One study conducted by researchers from Johns Hopkins revealed that a child who was repeatedly exposed to acetaminophen in the womb was 20% more likely to develop Autism Spectrum Disorder (ASD). Researchers examined the levels of acetaminophen present in the umbilical cords of 996 infants from the Boston Birth Cohort. The data also showed that the children with the highest levels of exposure were 30% more likely to develop ADHD. This evidence is consistent with the findings of other studies, such as the analysis of the Danish Birth Cohort that was published in the European Journal of Epidemiology in 2021.
In fact, in 2021 a group of 13 highly reputable scientists authored a consensus statement that warned expectant mothers against using acetaminophen-based pain-relief drugs during pregnancy. It was supported by nearly 100 other experts. Parents are leveraging this body of scientific evidence to hold the makers of Tylenol and other generic acetaminophen-based drugs liable for failing to warn parents about these risks.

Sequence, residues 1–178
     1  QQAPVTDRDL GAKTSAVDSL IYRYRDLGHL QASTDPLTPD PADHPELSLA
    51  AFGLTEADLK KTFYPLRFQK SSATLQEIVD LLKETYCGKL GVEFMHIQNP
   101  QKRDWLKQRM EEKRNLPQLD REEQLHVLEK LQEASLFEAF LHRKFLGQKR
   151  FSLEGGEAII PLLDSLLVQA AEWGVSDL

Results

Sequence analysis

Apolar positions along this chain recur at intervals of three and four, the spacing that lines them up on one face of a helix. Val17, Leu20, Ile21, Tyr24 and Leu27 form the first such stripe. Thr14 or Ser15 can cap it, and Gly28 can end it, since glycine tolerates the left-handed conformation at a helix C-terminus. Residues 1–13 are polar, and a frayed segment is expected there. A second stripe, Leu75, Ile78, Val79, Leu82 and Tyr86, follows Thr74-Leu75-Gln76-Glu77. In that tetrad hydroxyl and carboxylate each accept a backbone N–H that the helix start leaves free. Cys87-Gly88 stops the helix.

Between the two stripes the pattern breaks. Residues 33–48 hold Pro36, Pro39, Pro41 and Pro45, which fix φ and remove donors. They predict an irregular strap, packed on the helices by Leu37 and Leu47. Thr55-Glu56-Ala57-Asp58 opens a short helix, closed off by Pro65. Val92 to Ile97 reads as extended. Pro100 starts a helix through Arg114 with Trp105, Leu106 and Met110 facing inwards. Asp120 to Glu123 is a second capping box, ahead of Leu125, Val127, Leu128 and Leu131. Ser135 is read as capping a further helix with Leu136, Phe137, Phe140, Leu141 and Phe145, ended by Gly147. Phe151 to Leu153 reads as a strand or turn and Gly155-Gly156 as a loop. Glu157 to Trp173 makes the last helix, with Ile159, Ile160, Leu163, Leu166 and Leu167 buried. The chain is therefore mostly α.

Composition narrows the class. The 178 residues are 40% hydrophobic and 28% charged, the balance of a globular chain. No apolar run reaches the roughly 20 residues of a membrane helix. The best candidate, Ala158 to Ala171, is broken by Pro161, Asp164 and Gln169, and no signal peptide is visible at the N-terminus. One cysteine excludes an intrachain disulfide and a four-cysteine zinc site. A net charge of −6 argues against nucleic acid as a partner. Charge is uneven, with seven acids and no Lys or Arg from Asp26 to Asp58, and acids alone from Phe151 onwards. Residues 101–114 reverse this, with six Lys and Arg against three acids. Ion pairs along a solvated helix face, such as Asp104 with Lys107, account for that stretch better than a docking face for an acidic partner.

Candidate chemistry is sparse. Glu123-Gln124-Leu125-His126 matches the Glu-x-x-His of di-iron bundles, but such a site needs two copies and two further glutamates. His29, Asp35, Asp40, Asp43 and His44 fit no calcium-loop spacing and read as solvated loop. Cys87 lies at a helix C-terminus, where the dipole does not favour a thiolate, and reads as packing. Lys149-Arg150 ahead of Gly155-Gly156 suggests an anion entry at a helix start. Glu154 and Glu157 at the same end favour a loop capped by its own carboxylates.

Judge Attempts to Simplify Tylenol Autism Multidistrict Litigation Process
U.S. District Judge Denise Cote for the Southern District of New York is presiding over the Tylenol autism lawsuits. With over 100 plaintiffs using the same evidence to lodge similar claims against a specific group of defendants, the Judicial Panel on Multidistrict Litigation determined that the most efficient and equitable way to proceed was to consolidate the claims into a group known as a multidistrict litigation.
This still leaves Judge Cote with a large number of claims to manage. Since being assigned this multidistrict litigation, she has appointed a Special Master to assist her by making sure court orders are carried out, facilitating the flow of information, and generally being her right hand. She has also directed plaintiffs to file a short-form complaint when they join the MDL to streamline the process.